Monday, 13 August 2012
Thomas Friedman, The World Is Flat
Let me start today's review by quoting, almost to a word, what my partner said when he saw Friedman's The World Is Flat on my reading list:
'You're nuts. You know the guy drives you up the wall, you know you'll be cussing the sky blue and I know you will be pestering me with fragments followed by your angry commentary. Why on Earth do you want to read this book at all?'
There might have been a few unpublishable words, too.
Oh well. It is very easy to explain. If by reading a book a reader gets into a conversation with the author, each time I'm reading anything by Thomas Friedman we're having a blazing row. And when it comes to intellectual matters, there are few things I love more than a blazing row.
I love Friedman's writing style. I can't help admitting that when it comes to pure writing skill, he's damn, damn good - articulate, colourful, opinionated. It's just that I completely don't agree with his opinions. To me, he's just a propagandist for the American power politics, and since I'm neither American nor particularly power-hungry, I just can't tune into the world seen through his eyes.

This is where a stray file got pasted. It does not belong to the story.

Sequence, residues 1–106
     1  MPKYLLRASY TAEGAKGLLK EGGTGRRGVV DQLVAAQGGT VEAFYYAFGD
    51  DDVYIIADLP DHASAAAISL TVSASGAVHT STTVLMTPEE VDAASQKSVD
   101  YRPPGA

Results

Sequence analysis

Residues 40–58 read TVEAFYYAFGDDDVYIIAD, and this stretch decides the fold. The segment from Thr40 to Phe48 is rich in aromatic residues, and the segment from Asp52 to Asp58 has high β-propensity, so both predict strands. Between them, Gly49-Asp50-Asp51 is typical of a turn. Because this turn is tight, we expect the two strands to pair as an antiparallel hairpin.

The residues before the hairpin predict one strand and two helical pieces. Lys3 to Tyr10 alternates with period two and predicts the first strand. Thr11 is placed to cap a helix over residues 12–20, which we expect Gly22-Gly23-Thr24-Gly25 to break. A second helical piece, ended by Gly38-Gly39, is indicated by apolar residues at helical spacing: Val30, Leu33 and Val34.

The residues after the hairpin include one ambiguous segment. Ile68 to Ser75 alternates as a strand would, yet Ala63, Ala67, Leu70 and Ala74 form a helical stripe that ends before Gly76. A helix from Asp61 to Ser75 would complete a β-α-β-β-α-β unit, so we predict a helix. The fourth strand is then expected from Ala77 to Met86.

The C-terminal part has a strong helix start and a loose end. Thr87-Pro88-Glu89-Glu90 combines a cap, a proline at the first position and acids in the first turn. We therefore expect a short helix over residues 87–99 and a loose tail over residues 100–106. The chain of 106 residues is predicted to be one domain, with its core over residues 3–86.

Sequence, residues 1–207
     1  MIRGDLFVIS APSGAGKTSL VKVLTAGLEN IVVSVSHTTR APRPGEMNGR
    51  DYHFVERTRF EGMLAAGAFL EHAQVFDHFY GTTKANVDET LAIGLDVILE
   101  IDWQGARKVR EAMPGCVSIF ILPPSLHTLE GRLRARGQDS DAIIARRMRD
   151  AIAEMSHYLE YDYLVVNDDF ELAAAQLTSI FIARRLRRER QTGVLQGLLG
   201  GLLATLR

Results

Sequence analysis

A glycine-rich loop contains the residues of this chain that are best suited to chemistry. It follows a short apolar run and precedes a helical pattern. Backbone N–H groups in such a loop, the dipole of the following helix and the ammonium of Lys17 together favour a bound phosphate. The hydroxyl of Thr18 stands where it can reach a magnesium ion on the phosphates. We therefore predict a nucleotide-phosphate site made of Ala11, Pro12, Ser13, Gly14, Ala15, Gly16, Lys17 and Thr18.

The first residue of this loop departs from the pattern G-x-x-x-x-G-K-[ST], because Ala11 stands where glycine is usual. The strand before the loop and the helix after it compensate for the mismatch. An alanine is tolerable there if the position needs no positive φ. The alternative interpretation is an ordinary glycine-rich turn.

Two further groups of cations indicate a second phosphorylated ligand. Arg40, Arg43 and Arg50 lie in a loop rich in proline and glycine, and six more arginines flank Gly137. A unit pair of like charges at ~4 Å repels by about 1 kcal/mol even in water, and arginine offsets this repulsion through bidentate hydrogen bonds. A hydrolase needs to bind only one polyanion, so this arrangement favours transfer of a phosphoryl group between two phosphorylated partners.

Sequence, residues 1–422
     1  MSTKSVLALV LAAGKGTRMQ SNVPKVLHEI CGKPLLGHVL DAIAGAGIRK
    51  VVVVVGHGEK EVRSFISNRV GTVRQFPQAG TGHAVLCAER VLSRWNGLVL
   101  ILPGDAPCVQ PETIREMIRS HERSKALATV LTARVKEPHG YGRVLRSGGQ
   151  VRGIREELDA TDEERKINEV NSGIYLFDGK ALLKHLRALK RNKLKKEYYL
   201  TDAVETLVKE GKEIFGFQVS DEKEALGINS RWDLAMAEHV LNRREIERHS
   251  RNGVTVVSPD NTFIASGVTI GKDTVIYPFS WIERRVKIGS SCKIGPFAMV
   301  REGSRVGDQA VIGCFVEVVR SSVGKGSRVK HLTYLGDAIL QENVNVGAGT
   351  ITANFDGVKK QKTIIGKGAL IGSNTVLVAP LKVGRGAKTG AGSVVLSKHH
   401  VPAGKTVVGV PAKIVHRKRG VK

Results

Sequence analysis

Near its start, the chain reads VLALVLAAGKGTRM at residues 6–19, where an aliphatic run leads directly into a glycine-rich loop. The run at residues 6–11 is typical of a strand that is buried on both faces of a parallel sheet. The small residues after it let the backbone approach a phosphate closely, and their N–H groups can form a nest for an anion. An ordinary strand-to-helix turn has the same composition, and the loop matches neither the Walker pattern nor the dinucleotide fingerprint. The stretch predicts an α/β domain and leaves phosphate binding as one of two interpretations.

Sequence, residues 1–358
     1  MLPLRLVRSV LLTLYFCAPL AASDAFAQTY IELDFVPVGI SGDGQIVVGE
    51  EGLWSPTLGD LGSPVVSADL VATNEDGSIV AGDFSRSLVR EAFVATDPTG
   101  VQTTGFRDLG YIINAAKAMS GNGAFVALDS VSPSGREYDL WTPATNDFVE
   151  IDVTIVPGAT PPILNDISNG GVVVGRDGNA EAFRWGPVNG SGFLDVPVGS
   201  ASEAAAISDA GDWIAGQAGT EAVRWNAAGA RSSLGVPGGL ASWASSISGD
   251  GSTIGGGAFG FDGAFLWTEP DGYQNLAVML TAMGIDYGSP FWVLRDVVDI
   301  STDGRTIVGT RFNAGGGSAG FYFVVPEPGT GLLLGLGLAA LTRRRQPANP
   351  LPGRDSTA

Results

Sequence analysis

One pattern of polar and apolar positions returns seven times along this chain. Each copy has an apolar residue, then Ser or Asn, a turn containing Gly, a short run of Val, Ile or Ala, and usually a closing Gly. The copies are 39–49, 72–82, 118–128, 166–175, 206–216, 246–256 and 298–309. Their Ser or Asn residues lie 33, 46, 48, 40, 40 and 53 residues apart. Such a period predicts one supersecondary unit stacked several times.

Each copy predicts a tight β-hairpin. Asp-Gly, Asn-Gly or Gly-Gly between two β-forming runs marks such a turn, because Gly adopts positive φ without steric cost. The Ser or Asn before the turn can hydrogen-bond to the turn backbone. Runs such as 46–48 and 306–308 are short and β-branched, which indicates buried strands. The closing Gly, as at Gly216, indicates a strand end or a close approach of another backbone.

I don't want to get carried away into politics (and earn a possible lawsuit in the process) so I won't go into any detail as to what exactly made me froth in The World Is Flat. Let me just say that I wouldn't vote for this party and leave it at that.
Still, the book itself is good. It's about globalisation, world economy, capitalism, politics and big business. It's about cheap labour and how it can be used. It's about technological inventions that were cutting edge when the book was published, but since that means 2005, they aren't so cutting edge anymore. In the fast changing world of today you can actually consider The World Is Flat a history book, all the more interesting because we've lived through this history.
One more thing - if you can spare the time, have a look at my previous post, a review of 23 Things They Don't Tell You About Capitalism. My reading it right before The World Is Flat was not intentional, but I found contrast between the two enlightening. It's like comparing two different versions of reality. A powerful reminder that in politics and economy there is no Truth, there are just Opinions.